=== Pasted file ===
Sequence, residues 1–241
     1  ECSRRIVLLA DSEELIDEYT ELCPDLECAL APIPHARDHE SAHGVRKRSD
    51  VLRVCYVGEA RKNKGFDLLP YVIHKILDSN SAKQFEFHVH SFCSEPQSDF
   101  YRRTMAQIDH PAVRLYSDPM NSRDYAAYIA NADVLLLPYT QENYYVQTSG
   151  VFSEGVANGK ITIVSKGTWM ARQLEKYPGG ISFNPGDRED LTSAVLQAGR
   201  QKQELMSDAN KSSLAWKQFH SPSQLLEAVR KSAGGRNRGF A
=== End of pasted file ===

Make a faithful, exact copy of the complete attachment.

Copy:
Sequence, residues 1–241
     1  ECSRRIVLLA DSEELIDEYT ELCPDLECAL APIPHARDHE SAHGVRKRSD
    51  VLRVCYVGEA RKNKGFDLLP YVIHKILDSN SAKQFEFHVH SFCSEPQSDF
   101  YRRTMAQIDH PAVRLYSDPM NSRDYAAYIA NADVLLLPYT QENYYVQTSG
   151  VFSEGVANGK ITIVSKGTWM ARQLEKYPGG ISFNPGDRED LTSAVLQAGR
   201  QKQELMSDAN KSSLAWKQFH SPSQLLEAVR KSAGGRNRGF A